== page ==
But what about small businesses in highly competitive, low profit-margin sectors, like the restaurant and tourism industries that Maine’s economy especially depends on? Don’t they have good reason to oppose a living wage, because many of them actually would be forced to close if they could not underpay their workers? Or forced, at best, to pass on the extra costs to customers? In either case, wouldn’t small businesses be put at a disadvantage compared to bigger, more profitable businesses, allowing big businesses to further monopolize the market?
Some studies suggest that a $15 minimum wage would not result in a net decrease of jobs in the economy, but is $15 an hour even a living wage? For many Mainers, working 40 hours a week at this rate is still not enough to meet basic living expenses without relying on social assistance, especially those who have children and/or aging parents to care for. A true living wage would have to meet the rising costs of housing, health care, child care, education, transportation, which have rapidly outpaced the $15 per hour benchmark since it became a rallying point several years ago. So these hard-fought battles for raising the minimum wage, important as they are for building labor organizing and winning concessions, are a necessary but insufficient response to the workforce shortage created by poverty wages.
The solution must be deeper than raising wages — because the problem is deeper. The problem is not simply the greed of individual business owners, but the nature of capitalism itself. The only way capitalists can remain in business is to continually profit, and the only way to profit is for business owners to extract more value from workers than they pay back to workers in wages. While many big businesses that reward their executives with exorbitant incomes can afford to pay their workers better, the problem becomes clear in the case of small businesses. It is not as if small business owners can simply stop underpaying their workers and then everyone will prosper equally. Rather, owners exploit their workers because if they do not, they must go out of business and become exploited workers themselves.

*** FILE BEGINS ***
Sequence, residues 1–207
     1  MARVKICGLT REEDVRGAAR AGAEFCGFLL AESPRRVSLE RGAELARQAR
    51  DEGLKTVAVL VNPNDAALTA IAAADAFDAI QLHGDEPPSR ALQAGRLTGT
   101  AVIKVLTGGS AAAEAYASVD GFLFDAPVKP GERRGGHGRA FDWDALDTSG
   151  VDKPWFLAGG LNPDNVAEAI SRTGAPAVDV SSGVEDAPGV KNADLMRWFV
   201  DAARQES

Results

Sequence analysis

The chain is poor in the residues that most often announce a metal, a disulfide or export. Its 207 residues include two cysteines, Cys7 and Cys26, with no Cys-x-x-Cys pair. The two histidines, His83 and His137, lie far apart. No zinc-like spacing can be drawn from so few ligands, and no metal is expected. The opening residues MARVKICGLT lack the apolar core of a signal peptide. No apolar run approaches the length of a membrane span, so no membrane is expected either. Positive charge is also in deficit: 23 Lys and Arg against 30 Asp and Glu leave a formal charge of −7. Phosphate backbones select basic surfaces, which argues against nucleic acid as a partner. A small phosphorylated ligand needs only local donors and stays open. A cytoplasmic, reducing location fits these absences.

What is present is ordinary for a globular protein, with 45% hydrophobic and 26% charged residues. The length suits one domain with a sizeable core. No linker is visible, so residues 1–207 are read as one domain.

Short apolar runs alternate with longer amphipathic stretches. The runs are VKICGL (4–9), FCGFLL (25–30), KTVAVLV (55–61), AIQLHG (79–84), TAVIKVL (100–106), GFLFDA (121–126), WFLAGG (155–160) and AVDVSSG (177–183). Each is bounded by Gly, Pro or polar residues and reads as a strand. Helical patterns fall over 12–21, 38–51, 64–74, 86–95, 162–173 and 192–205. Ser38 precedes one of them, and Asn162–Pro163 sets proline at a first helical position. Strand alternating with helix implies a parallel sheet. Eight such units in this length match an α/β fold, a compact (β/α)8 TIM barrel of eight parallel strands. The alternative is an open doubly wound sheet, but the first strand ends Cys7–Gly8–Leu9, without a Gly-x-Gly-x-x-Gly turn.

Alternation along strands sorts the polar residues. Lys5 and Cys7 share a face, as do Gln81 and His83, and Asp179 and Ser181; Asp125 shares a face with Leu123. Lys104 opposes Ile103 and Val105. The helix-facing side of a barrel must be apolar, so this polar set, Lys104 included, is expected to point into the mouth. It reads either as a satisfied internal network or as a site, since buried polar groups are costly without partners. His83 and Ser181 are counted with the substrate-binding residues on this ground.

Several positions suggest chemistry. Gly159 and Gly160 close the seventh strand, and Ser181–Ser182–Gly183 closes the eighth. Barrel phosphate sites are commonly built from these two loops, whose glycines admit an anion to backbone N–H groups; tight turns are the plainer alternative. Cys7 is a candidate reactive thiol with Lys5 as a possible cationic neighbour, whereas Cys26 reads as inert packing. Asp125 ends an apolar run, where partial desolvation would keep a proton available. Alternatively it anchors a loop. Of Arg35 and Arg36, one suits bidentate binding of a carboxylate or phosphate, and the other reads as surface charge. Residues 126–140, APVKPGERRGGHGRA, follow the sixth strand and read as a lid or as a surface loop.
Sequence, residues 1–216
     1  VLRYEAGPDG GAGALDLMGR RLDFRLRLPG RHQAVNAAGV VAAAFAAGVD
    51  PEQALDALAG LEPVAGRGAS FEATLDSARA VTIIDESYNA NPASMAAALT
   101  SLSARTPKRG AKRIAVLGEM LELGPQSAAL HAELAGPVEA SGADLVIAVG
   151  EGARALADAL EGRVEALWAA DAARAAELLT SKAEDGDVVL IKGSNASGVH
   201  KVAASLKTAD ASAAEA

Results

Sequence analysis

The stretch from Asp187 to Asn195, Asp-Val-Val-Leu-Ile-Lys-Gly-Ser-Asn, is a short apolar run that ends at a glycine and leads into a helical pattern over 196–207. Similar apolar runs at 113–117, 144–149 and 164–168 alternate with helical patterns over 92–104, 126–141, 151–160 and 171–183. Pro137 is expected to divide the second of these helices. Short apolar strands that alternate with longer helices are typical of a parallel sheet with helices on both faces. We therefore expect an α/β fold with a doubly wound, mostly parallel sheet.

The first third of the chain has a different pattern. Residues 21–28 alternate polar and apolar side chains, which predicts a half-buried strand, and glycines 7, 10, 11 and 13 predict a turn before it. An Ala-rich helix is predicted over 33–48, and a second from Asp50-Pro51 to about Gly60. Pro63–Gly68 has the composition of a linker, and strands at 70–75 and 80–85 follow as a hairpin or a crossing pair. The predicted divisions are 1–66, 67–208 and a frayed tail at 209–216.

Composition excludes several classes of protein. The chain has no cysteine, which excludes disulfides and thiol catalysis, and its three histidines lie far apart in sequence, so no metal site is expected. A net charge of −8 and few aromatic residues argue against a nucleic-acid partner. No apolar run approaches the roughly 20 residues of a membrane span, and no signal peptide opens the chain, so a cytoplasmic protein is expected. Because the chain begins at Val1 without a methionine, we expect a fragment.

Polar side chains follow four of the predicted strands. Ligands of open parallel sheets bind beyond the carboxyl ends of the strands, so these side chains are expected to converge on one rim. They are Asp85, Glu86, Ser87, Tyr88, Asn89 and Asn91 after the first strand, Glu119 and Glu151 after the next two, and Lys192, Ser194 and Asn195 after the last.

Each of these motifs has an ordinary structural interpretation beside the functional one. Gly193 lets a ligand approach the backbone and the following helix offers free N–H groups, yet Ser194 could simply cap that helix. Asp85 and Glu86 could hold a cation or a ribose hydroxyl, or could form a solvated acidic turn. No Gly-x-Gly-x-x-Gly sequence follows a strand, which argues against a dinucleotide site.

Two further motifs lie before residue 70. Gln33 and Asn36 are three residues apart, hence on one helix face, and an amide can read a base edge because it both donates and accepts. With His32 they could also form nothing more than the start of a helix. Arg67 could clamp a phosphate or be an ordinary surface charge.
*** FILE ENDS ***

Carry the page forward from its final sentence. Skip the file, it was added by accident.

So what can be done? Ultimately, we must decouple profit from livelihood. We must guarantee that people are secure in the essentials of life — child care, health care, food and water, housing, education, transportation, and so on — even though they do not work for, or own, a business that turns a profit.
We have seen a glimpse of this possibility in response to the pandemic: the boost to unemployment income and food assistance, helping low-income tenants stay in their homes, suspending some student debt payments. But these temporary, partial measures have only staved off systemic crisis, softening its edges while doing little to change the underlying dynamic in which meeting one’s basic needs requires either exploiting workers or being an exploited worker for the sake of profit.
Reorganizing society around meeting needs rather than making profits will not happen overnight, but we can start with reforms that will provide immediate relief to both the labor shortage and deprivations of capitalism. For example, guaranteeing child care will enable many parents, disproportionately women, to enter or re-enter the workforce. Welcoming more immigrants will increase the number of young workers to care for Maine’s aging population. Expanding transportation will enable rural Mainers to commute where their labor is needed.
Of course, the jobs created to provide these essential services must pay a true living wage. But there is only so much room within the profit-driven economy for workers to receive the higher wages they rightfully demand. Only an economy based on meeting human needs can do the job that our profit-driven economy fails to do: ensure a decent standard of living for all people, including the workers who provide the essential services we all depend on.